Mulcair’s promises to First Nations creates interest

EDMONTON ‑ While the Liberals and Conservatives are vague with their promises to First Nations as the Oct. 19th election draws near, the NDP have come right out and said what the others have only implied.

Last Wednesday, NDP Leader Tom Mulcair spelled out what a New Democratic government would do to establish a “nation to nation” relationship with Indigenous Peoples in Canada.

He was speaking at a meeting of the Assembly of First Nations and the Enoch Cree Nation at Stoney Plain Reserve near Edmonton.

He declared that if elected, his government would close the gap between the “two Canadas” as he referred to it, by making investments to improve the lives of aboriginal people.

“I truly believe it is time for a new era based on a nation to nation relationship,” he said. “There is a Canada where clean drinking water is simply taken for granted, it’s a fact of life, and families live in the comfort of quality, affordable housing. And there’s another Canada, where the basic right to clean drinking water remains out of reach and families live in homes that are overcrowded and unsafe.”

He also promised to create a cabinet-level committee which he would chair, to ensure that all government decisions respect treaty rights and the principles of the United Nations Declaration on the Rights of Indigenous Peoples, which the current Conservative government was browbeaten into signing by the rest of the civilized world when Harper stood as the only world leader not willing to sign on.

Other Mulcair promises to First Nations include:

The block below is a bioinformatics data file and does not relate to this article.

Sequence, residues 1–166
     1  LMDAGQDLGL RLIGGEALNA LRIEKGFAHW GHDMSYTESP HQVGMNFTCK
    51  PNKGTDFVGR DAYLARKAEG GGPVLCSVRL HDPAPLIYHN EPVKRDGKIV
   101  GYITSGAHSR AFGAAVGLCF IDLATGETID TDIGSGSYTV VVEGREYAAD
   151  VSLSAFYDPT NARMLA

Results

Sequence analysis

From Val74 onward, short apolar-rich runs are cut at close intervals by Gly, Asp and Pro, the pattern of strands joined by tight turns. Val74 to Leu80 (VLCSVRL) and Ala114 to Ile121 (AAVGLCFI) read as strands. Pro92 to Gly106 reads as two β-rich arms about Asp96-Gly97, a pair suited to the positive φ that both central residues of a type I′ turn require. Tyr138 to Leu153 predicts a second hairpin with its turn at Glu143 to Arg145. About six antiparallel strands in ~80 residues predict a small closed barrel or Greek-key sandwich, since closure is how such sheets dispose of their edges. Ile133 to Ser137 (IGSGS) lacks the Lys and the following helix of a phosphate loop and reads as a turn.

The removal of the ‘punitive’ two per cent funding cap imposed and maintained by previous Liberal and Conservative governments.

Increase investment in First Nations by $1.8 billion over the next four years and $4.8 billion over eight years based on an annual escalator.

Improve critical infrastructure in indigenous communities, including clean water and sanitation facilities, with $375 million over four years.

Provide $96 million over four years and long-term funding of $800 million over 20 years to support infrastructure projects.

Call an inquiry into missing and murdered indigenous women within 100 days of taking office and provide $50 million to support it.

Commit $68 million to revitalize indigenous languages.

Improve health services available for indigenous people living in urban centres with an investment of $120 million.

All of this, added to promises already made along the election trail including billions of dollars for affordable housing initiatives, a $100-million Mental Health and Innovation Fund for Children and Youth, which would include $5 million for a suicide prevention strategy for at-risk populations, of which First Nations, Métis and Inuit would be a part.

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